Several studies have shown that the inhibition of GS as well as hyperammonemia can lead to an elevation of extracellular glutamate levels [82,89,90], which clinically is often associated with seizures through the activation of the NMDA receptor [38]. However, the concentrations of glutamate were not elevated in the plasma or CSF of patients with GS deficiency, and were even slightly decreased on MRS in patient 3 [5]. Nevertheless, a general impairment of astrocyte function due to glutamine deficiency and hyperammonemia in the patients may lead to a failure of the regulation of neuronal homeostasis and disturbance of the excitation-inhibition balance [91]. Astrocyte dysfunction may thus contribute to abnormal neuronal activity and seizures, leading to severely abnormal electroencephalography (EEG) recordings in GS-deficient patients. In line with this, glutamine supplementation could improve the seizure activity in patient 3 [5]. Further, supporting the role of exogenous glutamine administration, selective viral induction of astrocytic gliosis in a hippocampal region of mouse brain led to a failure of the glutamine-glutamate-GABA cycle and reduced inhibitory synaptic current that could be reversed by glutamine [92].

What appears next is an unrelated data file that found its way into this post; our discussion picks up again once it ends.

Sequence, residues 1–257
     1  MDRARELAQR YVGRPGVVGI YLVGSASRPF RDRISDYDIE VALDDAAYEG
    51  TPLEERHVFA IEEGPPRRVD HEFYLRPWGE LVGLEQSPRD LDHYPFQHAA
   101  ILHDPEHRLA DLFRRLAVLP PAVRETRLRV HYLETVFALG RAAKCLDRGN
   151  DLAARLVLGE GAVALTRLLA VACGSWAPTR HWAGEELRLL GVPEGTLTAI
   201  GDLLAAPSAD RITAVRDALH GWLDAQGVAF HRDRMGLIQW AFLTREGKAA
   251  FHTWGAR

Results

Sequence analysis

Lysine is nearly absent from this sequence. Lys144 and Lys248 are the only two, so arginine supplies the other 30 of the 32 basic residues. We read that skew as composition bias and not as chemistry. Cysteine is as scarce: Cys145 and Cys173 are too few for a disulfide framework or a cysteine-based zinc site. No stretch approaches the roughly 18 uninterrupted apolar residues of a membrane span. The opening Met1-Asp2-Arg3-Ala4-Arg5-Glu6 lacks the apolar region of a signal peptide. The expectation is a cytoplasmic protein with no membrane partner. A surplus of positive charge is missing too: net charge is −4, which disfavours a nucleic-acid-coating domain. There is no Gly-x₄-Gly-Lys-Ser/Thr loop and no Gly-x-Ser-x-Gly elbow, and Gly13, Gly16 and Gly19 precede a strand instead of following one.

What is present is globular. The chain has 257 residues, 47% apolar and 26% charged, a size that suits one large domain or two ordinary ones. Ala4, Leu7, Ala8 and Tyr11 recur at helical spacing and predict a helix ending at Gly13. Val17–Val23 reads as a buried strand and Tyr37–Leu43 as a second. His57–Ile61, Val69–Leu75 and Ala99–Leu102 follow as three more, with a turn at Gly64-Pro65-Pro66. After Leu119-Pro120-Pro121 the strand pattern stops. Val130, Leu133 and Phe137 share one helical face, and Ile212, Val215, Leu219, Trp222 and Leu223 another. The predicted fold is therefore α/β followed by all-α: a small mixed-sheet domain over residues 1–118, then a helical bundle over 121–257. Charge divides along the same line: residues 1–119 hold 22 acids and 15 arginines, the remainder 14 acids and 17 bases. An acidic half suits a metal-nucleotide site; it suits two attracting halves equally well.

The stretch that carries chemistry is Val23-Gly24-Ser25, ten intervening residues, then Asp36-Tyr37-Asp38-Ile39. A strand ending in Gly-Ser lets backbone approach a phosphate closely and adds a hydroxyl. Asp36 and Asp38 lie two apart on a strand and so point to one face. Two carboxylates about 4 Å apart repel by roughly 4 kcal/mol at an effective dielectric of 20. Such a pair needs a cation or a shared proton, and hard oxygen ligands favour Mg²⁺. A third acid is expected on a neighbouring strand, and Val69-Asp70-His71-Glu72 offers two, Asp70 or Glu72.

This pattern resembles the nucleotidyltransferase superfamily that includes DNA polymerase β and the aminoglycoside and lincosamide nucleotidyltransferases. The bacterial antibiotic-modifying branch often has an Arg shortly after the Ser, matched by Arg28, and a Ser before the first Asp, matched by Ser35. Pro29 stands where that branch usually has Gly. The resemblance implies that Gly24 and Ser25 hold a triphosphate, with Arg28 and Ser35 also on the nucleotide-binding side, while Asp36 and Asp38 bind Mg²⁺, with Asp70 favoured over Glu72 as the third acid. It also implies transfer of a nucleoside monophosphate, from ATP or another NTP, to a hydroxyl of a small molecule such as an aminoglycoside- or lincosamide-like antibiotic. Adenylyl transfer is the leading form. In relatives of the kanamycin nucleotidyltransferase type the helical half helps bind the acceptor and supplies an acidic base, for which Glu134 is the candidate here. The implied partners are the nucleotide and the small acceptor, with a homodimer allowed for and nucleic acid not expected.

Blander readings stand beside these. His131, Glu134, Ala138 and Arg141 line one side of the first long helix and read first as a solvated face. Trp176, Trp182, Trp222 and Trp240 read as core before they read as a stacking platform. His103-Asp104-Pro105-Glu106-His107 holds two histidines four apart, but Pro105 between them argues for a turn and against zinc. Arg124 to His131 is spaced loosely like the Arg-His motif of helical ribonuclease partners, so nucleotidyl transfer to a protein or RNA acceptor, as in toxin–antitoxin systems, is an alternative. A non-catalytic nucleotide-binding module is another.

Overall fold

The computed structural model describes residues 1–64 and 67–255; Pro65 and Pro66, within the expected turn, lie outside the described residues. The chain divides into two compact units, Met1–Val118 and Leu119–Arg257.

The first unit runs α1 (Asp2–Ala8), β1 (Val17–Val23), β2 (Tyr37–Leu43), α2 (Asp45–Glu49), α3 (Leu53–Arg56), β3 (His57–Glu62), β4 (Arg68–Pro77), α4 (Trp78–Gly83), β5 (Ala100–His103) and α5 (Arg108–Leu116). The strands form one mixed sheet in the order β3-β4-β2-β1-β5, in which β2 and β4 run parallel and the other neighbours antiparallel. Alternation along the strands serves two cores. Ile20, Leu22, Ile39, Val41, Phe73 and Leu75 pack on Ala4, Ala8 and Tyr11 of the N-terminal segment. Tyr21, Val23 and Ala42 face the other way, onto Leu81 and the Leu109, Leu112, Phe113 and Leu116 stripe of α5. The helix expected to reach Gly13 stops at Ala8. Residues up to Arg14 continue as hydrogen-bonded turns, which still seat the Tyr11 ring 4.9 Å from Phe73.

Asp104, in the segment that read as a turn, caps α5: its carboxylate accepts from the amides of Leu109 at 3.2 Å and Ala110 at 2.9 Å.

6.3. Fetal Development in Glutamine Synthetase Deficiency

GS is already expressed in early fetal stages [87]. Its activity varies during fetal development, but is essential for early embryogenesis, as shown by the lethality of complete KO mice at only day 3.5 of embryonic development [87]. In addition, in the same study, the embryonic mice could be rescued by glutamine supplementation [87].